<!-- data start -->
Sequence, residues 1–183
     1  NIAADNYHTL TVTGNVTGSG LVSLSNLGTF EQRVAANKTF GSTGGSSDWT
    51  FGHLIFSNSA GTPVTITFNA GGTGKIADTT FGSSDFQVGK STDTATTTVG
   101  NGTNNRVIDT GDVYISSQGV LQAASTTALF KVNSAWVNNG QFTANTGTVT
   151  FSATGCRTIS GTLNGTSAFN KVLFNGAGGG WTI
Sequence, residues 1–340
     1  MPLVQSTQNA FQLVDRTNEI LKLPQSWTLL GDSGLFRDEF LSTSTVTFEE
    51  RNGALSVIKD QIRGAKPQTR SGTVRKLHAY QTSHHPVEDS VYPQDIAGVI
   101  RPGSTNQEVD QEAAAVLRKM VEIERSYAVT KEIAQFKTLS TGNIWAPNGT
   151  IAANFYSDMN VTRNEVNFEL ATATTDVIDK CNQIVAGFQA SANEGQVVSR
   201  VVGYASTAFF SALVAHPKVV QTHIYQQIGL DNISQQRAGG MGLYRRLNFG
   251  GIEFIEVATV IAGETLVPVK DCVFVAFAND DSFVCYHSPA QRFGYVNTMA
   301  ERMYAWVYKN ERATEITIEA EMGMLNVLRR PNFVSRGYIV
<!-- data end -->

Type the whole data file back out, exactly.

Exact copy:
Sequence, residues 1–183
     1  NIAADNYHTL TVTGNVTGSG LVSLSNLGTF EQRVAANKTF GSTGGSSDWT
    51  FGHLIFSNSA GTPVTITFNA GGTGKIADTT FGSSDFQVGK STDTATTTVG
   101  NGTNNRVIDT GDVYISSQGV LQAASTTALF KVNSAWVNNG QFTANTGTVT
   151  FSATGCRTIS GTLNGTSAFN KVLFNGAGGG WTI
Sequence, residues 1–340
     1  MPLVQSTQNA FQLVDRTNEI LKLPQSWTLL GDSGLFRDEF LSTSTVTFEE
    51  RNGALSVIKD QIRGAKPQTR SGTVRKLHAY QTSHHPVEDS VYPQDIAGVI
   101  RPGSTNQEVD QEAAAVLRKM VEIERSYAVT KEIAQFKTLS TGNIWAPNGT
   151  IAANFYSDMN VTRNEVNFEL ATATTDVIDK CNQIVAGFQA SANEGQVVSR
   201  VVGYASTAFF SALVAHPKVV QTHIYQQIGL DNISQQRAGG MGLYRRLNFG
   251  GIEFIEVATV IAGETLVPVK DCVFVAFAND DSFVCYHSPA QRFGYVNTMA
   301  ERMYAWVYKN ERATEITIEA EMGMLNVLRR PNFVSRGYIV